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Do You Need Planning Permission to Install Solar Panels?

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The fundamentals of solar panels and planning permission

People are increasingly looking for new, more cost-effective ways to generate power and heat for their homes and businesses as energy prices rise. Solar panels continue to be a preferred alternative to traditional energy sources.

Installing a solar PV system is an excellent method to generate renewable energy, benefit the environment, and save money on household energy costs. However, you may have questions concerning solar panels and planning permission.

Is it Necessary to Obtain Planning Approval if You Wish to Install Solar Panels?

Is it necessary to obtain planning approval if you wish to install solar panels?

Most of the time, the answer is no. Most of the time, solar panels do not require planning clearance because they constitute a “permitted development.” However, there are certain limitations to this. To be compatible, your solar panels must be installed in a specified manner and meet specific standards.

To be on the safe side, it’s best to become acquainted with these conditions before having your solar PV system installed.

The Fundamentals of Solar Panels and Planning Permission

Solar panels are typically protected by “permitted development rights.”

Permitted development rights allow you to carry out certain construction projects without seeking authorisation and state that your solar PV installation must meet the following requirements:

  • Any device put on a building should have a minimum impact on the structure’s and surrounding area’s appearance. In other words, your solar system should be as inconspicuous as possible.
  • The solar PV system cannot be installed higher than the highest point of the roof (excluding the chimney)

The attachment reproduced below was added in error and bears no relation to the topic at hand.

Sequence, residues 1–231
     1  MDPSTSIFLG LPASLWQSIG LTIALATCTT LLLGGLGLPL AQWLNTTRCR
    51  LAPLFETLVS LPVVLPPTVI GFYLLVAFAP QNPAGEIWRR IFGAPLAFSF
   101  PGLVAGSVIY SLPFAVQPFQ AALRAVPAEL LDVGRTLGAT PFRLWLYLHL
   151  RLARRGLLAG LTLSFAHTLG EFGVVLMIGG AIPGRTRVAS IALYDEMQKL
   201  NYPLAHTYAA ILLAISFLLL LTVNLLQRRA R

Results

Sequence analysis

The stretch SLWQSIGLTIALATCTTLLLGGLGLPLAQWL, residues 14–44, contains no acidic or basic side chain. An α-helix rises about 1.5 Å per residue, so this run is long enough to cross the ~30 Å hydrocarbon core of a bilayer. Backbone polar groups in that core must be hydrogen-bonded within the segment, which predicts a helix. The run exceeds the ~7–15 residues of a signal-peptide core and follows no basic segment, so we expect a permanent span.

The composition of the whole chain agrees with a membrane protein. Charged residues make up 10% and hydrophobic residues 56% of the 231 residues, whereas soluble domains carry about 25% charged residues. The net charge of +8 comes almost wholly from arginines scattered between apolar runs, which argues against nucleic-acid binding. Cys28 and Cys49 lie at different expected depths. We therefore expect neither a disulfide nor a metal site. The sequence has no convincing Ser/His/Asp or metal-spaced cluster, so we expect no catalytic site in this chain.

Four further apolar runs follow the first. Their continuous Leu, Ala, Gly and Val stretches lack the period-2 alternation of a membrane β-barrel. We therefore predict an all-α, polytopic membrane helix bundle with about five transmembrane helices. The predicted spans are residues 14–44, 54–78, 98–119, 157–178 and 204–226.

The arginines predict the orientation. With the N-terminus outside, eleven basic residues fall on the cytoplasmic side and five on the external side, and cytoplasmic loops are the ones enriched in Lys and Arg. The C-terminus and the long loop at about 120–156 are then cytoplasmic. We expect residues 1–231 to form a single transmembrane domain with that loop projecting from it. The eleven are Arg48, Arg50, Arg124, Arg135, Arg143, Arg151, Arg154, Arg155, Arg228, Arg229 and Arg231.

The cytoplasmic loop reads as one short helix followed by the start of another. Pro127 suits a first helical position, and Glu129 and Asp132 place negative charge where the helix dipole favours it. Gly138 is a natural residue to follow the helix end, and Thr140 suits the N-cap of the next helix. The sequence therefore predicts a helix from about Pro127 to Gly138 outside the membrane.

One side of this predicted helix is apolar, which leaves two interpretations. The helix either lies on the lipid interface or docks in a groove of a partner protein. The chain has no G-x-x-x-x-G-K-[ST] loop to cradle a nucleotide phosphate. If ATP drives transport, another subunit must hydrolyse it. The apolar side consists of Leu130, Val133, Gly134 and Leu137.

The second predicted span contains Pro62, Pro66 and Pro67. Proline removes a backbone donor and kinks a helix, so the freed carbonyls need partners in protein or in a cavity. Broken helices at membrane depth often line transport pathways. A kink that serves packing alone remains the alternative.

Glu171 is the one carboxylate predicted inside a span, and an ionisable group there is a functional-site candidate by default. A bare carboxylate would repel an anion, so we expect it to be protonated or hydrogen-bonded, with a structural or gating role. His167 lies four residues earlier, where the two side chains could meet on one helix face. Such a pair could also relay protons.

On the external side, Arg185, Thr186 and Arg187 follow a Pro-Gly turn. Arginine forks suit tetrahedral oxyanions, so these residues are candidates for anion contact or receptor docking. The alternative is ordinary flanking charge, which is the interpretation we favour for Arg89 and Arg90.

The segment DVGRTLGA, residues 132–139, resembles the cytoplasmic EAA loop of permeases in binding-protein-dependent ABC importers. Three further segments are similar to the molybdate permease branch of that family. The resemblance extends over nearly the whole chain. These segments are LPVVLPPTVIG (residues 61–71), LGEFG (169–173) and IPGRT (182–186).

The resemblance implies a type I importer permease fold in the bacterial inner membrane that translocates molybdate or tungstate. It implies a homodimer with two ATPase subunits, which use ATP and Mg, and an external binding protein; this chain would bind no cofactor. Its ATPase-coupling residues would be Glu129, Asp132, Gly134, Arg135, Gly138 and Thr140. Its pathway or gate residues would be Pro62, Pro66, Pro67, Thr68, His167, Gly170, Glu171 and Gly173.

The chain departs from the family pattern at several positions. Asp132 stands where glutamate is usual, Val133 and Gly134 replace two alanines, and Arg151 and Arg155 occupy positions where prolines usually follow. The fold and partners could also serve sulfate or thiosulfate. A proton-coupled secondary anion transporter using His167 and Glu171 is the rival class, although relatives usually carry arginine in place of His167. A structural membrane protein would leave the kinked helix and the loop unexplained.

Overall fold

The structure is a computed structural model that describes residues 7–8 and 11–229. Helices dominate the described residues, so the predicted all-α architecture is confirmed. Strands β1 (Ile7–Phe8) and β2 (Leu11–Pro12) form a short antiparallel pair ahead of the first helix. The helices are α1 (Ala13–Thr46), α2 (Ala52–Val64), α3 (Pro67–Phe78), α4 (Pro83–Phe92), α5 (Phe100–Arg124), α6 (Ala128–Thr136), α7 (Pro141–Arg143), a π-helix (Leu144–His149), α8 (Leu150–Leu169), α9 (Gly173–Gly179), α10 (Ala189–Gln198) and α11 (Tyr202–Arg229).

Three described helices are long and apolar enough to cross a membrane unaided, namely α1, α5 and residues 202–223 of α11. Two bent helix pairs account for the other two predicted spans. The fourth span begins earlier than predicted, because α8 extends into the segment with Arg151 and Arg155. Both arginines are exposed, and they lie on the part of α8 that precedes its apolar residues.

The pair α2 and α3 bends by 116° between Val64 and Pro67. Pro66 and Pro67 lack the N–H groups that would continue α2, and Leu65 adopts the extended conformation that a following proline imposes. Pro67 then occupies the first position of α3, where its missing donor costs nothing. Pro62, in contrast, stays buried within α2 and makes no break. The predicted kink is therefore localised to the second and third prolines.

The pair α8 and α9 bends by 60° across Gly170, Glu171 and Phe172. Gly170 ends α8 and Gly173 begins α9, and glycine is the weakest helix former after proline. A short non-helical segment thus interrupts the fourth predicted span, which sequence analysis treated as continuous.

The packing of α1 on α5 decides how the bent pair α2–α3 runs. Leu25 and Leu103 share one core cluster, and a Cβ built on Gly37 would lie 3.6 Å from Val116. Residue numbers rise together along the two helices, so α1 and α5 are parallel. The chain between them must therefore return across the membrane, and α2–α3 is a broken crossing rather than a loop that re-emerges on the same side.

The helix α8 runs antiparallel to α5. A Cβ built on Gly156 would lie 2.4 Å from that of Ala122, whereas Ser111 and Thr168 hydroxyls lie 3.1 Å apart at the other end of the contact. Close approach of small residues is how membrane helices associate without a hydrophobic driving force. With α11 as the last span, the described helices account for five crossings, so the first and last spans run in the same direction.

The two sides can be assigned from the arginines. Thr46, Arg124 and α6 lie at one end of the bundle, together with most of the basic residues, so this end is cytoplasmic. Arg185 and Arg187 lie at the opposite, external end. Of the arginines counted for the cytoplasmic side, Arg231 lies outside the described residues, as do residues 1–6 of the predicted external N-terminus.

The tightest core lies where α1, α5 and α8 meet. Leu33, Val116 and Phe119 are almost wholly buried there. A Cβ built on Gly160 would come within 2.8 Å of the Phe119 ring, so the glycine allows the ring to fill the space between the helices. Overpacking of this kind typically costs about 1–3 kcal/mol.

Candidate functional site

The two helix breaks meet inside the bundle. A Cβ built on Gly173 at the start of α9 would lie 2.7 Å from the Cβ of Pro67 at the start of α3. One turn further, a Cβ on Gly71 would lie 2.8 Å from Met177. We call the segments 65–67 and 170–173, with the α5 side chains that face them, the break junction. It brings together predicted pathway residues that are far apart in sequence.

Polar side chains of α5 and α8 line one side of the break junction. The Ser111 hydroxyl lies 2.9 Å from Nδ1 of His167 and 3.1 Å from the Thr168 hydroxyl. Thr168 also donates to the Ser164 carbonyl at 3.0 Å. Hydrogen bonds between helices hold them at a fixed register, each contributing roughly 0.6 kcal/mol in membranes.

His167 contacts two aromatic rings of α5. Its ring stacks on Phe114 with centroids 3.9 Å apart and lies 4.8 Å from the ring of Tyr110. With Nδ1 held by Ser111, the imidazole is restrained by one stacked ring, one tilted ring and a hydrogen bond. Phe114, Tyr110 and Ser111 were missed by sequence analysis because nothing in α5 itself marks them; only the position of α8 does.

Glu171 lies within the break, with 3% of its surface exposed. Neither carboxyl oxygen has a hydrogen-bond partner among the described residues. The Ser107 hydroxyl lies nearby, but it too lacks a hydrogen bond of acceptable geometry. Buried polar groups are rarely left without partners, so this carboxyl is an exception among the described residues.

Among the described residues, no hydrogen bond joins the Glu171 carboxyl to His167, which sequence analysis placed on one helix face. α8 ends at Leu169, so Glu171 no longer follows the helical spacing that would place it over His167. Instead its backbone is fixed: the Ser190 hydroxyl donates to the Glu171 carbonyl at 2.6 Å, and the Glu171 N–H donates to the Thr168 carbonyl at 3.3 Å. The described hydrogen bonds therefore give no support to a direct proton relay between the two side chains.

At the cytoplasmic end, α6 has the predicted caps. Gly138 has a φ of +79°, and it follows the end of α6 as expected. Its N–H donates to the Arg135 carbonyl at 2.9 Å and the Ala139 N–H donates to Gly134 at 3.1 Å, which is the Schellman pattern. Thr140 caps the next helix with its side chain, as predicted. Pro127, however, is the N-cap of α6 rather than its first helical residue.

• The panels must not protrude more than 200mm (0.2m) from the roof or wall surface.
  • Solar panels are generally not permitted to be erected on the grounds of a listed building or a scheduled monument.
  • When equipment is no longer required, it should be uninstalled.
  • Buildings in conservation areas must meet extra standards, which we will discuss later.

In addition to the requirements we have just mentioned, standalone panels must be at least five metres from the property’s perimeter and no taller than four metres. The entire array must be less than 9m x 3m x 3m.

Furthermore, approved development rights apply only to the initial installation; any subsequent installations will require planning permission.

When Do You Need Permission to Install Solar Panels?

If your proposed solar PV installation does not fulfil the requirements for approved development rights, you may need to seek planning permission.

Here are three of the most prevalent conditions that may necessitate planning permission and solar PV so you can find out whether your roof is suitable.

Solar Panel Installation on a Flat Roof

Solar Panel Installation on a Flat Roof

There are no laws prohibiting the installation of solar panels on flat roofs. The issue is that solar panels cannot be put flat. To get the most sunlight, they must be constructed at a precise angle.

Solar panels must not extend more than 0.2 metres above the roof slope or be higher than the tallest point of the roof to be considered an approved development. They will almost certainly sit too high with a flat rooftop. To install a solar PV system on a flat roof, you will almost always need planning permission.